Management of community-acquired pneumonia in an Australian regional hospital.
Aust J Rural Health. 2015 Dec 21;
Authors: Trad MA, Baisch A
OBJECTIVE: Current management of hospitalised patients with community-acquired pneumonia (CAP) in an Australian regional hospital in accordance with the recommended guidelines is unknown. The prescription rate of inappropriate antibiotic therapy was measured and analysed.
DESIGN: A retrospective audit, December 2012 to November 2013.
SETTING: Regional Australian hospital in North East Victoria.
INTERVENTIONS: Interventions were the average of inpatient and intensive care unit length of stay, time to first antibiotic and to first chest x-ray, days of intravenous antibiotics, and extra intravenous therapy; proportion of intensive care unit admissions, average time to first antibiotic administration, patients with failed outpatient management of CAP, initial microbiological investigations, positive investigations, predominant microbiology, antibiotic choice, and concordance with guidelines; proportion of justifiable deviation from guidelines, ratio of patients switched to oral therapy appropriately, complications during therapy, clinical failure, inpatient mortality, mortality at 30 days, mortality at 6 months, and readmission with CAP in 30 days and in 3 months.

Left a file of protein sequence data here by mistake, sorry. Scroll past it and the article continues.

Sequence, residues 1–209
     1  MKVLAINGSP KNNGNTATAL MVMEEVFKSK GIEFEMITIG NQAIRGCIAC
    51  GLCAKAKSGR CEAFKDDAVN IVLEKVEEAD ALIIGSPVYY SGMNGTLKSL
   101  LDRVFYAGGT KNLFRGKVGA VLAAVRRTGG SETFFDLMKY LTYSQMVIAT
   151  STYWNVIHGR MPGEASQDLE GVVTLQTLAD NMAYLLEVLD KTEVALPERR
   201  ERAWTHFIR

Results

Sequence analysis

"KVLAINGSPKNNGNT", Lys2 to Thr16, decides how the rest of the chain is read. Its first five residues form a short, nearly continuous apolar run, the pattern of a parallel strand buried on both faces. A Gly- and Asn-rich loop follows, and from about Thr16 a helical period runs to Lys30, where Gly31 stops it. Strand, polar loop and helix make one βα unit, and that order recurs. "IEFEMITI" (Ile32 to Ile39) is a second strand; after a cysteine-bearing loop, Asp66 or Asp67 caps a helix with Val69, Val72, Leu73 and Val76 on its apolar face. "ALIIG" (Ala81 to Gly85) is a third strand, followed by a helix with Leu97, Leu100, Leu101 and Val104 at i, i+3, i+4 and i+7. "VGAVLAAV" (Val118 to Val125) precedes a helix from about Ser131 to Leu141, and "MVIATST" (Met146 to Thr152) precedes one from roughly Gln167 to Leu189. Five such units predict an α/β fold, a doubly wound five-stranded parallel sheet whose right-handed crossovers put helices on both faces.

MAIN OUTCOME MEASURES: To improve the rates of concordance with guidelines by following a specified method to rate severity of CAP, to clearly document reasons for non-concordance with guidelines, and to rationalise investigations.
RESULTS: To improve antibiotic stewardship in the management of CAP.
CONCLUSION: In an Australian regional hospital, ceftriaxone and azithromycin were the predominant combination used at 56%, demonstrating that mild CAP was frequently overtreated. Mild CAP was eight times more likely to be treated as severe CAP (odds ratio = 8.2 (95% confidence interval, 1.7-40.3) P < 0.009). There is a need for a simple yet effective strategy to be introduced to rationalise treatment and investigation of CAP in this setting.
PMID: 26689428 [PubMed - as supplied by publisher]